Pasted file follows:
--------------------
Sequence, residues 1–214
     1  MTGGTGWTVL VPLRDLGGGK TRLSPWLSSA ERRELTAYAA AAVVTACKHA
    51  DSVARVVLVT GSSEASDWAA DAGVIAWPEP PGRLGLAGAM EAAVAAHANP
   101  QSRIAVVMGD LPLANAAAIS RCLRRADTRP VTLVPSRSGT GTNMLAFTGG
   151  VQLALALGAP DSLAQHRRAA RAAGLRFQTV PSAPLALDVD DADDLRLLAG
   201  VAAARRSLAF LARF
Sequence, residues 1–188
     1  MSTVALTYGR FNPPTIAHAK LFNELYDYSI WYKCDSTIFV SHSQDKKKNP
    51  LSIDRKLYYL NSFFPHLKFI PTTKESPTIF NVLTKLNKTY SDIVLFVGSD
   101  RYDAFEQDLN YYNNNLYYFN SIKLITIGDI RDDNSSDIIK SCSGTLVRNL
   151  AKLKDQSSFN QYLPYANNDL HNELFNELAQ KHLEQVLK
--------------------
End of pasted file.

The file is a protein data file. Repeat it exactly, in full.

Sequence, residues 1–214
     1  MTGGTGWTVL VPLRDLGGGK TRLSPWLSSA ERRELTAYAA AAVVTACKHA
    51  DSVARVVLVT GSSEASDWAA DAGVIAWPEP PGRLGLAGAM EAAVAAHANP
   101  QSRIAVVMGD LPLANAAAIS RCLRRADTRP VTLVPSRSGT GTNMLAFTGG
   151  VQLALALGAP DSLAQHRRAA RAAGLRFQTV PSAPLALDVD DADDLRLLAG
   201  VAAARRSLAF LARF
Sequence, residues 1–188
     1  MSTVALTYGR FNPPTIAHAK LFNELYDYSI WYKCDSTIFV SHSQDKKKNP
    51  LSIDRKLYYL NSFFPHLKFI PTTKESPTIF NVLTKLNKTY SDIVLFVGSD
   101  RYDAFEQDLN YYNNNLYYFN SIKLITIGDI RDDNSSDIIK SCSGTLVRNL
   151  AKLKDQSSFN QYLPYANNDL HNELFNELAQ KHLEQVLK